Ransomware threats are getting more difficult and twisted in recent times. Over the past few months, tons of malware-related attacks have been carried out around the world at an alarming scale. The most recent case allegedly involves a Syrian group that wants more than just a ransom.
A ransomware named "Popcorn Time" - with no known relation to the streaming service - encrypts your Windows files with an AES-256 encryption. To unlock the files, the victim will need to pay one Bitcoin ($780 or roughly Rs. 52,600). However, the malware offers an alternative way to unlock the files as well.
The victim is also given the choice to infect two more people via a referral link. If they get infected and pay the ransom, then the original victim will receive a free decryption key to unlock the files. It is additionally found that entering the decryption code more than a few times can permanently lock the files.
The ransomware encrypts files in Documents, Pictures, Music, and Desktop folders as well as a number of file extensions after a recent update. The ransomware is reportedly still in development and certain details may change based on the updates.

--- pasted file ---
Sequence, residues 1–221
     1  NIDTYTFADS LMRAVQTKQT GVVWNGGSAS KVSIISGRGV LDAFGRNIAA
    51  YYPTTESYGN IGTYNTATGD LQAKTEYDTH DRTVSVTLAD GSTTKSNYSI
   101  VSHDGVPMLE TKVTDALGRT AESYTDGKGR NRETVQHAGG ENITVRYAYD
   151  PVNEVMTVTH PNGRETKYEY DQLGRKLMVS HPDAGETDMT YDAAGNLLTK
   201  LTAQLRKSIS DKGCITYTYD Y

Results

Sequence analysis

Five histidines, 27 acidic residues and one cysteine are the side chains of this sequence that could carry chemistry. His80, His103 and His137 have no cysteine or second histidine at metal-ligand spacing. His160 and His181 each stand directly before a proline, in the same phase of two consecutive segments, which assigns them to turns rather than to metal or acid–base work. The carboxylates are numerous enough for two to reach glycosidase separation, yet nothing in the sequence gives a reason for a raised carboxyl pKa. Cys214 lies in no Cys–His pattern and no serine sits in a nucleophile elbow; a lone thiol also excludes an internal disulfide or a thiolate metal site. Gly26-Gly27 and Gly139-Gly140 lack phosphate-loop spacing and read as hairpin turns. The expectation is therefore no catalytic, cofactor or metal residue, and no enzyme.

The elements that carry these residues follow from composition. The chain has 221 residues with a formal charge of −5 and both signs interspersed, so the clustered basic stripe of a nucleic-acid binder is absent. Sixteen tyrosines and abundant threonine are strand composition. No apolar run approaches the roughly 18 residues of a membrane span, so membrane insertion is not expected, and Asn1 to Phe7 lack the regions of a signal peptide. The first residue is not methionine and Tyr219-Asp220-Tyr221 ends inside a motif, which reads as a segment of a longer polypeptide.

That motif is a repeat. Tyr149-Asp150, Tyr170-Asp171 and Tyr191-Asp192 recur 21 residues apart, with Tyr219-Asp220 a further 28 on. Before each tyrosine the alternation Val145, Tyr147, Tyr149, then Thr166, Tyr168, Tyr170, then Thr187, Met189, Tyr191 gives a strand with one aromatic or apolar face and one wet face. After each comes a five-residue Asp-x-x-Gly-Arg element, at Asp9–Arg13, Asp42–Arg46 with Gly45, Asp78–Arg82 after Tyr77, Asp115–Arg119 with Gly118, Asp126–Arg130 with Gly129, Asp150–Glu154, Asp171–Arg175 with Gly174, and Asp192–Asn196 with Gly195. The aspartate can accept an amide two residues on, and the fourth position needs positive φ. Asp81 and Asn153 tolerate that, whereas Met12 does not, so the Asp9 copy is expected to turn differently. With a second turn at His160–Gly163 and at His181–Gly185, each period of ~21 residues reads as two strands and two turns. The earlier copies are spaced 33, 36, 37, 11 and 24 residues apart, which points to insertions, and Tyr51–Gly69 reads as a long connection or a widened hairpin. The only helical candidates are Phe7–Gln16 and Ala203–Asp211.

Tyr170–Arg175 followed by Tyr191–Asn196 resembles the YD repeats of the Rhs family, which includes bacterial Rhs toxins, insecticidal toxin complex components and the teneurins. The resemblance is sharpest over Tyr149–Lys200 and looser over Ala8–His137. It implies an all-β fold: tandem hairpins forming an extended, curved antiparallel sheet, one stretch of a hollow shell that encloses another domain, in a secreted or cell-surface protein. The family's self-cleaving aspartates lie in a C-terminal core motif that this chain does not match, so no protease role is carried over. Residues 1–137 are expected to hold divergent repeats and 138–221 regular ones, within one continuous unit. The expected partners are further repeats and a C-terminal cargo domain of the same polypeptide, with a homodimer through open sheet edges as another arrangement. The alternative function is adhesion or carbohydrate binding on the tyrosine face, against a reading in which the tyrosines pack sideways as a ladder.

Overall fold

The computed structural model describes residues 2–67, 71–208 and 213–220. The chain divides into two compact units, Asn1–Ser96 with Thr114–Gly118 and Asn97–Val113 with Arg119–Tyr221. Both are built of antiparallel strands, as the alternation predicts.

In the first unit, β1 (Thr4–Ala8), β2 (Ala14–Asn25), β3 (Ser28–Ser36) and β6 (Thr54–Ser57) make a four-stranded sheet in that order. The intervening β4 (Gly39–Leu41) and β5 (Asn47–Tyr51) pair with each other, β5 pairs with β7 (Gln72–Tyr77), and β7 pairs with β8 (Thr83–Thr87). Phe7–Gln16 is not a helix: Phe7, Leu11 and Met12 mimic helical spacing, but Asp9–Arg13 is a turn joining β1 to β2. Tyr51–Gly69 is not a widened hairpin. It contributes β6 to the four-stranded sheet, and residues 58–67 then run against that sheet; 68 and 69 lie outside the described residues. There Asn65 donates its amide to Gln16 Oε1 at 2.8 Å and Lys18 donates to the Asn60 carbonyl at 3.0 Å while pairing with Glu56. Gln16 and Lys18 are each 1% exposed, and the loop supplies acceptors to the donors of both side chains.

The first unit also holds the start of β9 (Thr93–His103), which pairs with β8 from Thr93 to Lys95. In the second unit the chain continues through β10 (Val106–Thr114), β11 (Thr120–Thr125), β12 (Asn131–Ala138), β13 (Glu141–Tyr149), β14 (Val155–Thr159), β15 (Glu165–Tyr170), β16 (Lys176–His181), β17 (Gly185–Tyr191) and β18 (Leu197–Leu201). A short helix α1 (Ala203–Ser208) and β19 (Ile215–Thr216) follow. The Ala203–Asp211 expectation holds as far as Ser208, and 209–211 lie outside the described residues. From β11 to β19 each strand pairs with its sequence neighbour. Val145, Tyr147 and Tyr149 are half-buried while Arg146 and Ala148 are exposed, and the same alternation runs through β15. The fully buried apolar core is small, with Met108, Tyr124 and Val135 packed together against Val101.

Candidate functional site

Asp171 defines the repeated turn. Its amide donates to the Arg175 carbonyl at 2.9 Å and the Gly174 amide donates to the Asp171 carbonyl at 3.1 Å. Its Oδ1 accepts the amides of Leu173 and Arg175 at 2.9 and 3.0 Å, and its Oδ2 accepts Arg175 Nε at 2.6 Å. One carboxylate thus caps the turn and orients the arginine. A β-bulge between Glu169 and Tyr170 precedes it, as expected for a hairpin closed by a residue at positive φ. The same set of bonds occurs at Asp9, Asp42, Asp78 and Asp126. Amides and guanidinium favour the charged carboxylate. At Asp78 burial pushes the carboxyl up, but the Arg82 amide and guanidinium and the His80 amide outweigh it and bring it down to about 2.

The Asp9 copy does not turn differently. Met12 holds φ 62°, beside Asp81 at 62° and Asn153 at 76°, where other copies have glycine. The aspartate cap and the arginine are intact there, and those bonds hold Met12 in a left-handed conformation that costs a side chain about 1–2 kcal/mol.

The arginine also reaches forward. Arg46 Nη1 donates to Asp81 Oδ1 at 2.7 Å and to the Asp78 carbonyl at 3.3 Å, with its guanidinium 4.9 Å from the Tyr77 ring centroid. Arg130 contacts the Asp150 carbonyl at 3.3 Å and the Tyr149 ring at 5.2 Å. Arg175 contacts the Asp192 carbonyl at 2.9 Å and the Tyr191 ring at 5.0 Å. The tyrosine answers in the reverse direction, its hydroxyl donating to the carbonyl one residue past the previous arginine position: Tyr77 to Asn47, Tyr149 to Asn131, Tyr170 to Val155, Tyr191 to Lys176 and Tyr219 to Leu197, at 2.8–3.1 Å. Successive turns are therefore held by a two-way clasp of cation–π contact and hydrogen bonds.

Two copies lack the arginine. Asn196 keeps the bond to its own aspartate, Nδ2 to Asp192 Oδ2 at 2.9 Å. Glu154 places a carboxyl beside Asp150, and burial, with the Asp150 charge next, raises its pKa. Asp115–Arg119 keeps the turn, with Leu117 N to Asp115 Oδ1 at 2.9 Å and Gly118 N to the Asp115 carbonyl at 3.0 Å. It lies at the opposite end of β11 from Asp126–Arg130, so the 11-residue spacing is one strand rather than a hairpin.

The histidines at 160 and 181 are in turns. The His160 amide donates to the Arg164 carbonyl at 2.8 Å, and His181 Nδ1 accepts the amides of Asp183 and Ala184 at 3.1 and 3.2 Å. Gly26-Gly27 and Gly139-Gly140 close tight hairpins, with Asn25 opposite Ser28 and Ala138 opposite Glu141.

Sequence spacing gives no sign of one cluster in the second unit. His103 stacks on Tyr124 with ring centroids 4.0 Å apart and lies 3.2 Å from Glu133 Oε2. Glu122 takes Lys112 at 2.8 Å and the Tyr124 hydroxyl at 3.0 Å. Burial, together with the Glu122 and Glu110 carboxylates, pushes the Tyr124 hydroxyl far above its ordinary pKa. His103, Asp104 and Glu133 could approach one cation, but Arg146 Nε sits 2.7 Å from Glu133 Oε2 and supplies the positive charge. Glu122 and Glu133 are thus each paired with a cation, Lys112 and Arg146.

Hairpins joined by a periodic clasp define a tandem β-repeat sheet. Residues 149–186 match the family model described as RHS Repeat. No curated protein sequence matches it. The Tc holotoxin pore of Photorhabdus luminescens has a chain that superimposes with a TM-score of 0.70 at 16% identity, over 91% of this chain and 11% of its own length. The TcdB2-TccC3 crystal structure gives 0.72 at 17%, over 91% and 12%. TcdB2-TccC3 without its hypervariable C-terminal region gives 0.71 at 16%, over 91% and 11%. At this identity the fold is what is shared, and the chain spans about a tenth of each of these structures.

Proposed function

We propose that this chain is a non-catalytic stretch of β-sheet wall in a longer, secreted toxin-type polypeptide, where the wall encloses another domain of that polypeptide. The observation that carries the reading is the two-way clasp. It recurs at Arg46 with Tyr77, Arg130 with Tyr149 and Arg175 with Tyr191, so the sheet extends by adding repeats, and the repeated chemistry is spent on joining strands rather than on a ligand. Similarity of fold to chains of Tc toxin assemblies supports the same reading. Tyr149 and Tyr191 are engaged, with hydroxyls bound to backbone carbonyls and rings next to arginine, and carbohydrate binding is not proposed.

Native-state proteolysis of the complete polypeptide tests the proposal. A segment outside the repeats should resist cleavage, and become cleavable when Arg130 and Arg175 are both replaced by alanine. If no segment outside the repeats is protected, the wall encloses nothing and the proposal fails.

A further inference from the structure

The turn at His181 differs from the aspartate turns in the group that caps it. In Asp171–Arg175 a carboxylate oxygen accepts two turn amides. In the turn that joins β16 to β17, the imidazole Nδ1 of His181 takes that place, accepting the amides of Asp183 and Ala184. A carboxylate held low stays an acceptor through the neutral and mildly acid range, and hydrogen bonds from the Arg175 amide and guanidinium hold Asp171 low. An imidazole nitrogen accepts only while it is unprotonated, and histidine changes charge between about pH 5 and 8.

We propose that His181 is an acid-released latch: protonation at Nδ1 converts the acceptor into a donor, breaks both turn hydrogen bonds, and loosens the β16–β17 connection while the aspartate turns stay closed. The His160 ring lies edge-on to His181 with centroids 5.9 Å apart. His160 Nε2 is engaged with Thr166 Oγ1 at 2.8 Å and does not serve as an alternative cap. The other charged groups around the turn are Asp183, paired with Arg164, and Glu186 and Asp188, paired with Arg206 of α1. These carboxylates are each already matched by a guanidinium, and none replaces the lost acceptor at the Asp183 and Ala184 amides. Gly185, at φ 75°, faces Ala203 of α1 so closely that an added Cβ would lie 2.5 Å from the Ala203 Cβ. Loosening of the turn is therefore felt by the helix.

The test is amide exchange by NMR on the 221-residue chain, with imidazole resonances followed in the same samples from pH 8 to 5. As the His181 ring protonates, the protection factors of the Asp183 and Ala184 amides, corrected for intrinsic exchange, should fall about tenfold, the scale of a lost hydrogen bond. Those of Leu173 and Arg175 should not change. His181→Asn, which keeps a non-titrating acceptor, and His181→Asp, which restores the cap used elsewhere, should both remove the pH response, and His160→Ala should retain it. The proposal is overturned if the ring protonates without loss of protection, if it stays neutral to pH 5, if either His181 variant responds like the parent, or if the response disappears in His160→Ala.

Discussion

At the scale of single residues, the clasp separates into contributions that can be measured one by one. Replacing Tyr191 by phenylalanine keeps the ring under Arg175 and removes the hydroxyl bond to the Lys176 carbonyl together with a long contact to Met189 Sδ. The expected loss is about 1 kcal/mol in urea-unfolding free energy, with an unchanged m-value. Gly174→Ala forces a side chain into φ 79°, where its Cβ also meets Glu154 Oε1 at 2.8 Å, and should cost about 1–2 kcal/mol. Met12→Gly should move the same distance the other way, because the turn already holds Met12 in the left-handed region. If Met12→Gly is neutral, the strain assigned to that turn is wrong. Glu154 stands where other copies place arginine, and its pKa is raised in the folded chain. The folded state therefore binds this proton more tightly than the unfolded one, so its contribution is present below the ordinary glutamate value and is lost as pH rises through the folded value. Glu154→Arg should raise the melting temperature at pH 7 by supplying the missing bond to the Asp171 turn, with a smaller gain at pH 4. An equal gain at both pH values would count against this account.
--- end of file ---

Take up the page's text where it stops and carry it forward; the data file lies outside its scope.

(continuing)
Ransomware such as "Popcorn Time" have been a common sight and traditionally victims had no way out other than paying up. However, offering a free decryption key by infecting others is something quite new, and serves the group's purpose of widely spreading the ransomware.
The ransomware, spotted by the MalwareHunterTeam, was reportedly made by a group of computer science students from Syria, who claim the ransom will be used as food and shelter in Syria.
"We are extremely sorry that we are forcing you to pay but that's the only way that we can keep living," said the ransomware note.